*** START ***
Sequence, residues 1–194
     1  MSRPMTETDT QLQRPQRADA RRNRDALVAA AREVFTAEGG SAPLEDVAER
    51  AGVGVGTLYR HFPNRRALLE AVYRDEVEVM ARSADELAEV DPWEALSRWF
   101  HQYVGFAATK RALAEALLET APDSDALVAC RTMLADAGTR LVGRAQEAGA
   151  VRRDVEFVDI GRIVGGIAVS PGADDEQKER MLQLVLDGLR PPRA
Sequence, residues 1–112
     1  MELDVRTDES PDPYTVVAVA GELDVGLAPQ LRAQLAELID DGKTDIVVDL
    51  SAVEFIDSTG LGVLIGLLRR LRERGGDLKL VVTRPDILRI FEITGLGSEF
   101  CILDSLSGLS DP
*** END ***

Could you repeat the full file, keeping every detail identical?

Sequence, residues 1–194
     1  MSRPMTETDT QLQRPQRADA RRNRDALVAA AREVFTAEGG SAPLEDVAER
    51  AGVGVGTLYR HFPNRRALLE AVYRDEVEVM ARSADELAEV DPWEALSRWF
   101  HQYVGFAATK RALAEALLET APDSDALVAC RTMLADAGTR LVGRAQEAGA
   151  VRRDVEFVDI GRIVGGIAVS PGADDEQKER MLQLVLDGLR PPRA
Sequence, residues 1–112
     1  MELDVRTDES PDPYTVVAVA GELDVGLAPQ LRAQLAELID DGKTDIVVDL
    51  SAVEFIDSTG LGVLIGLLRR LRERGGDLKL VVTRPDILRI FEITGLGSEF
   101  CILDSLSGLS DP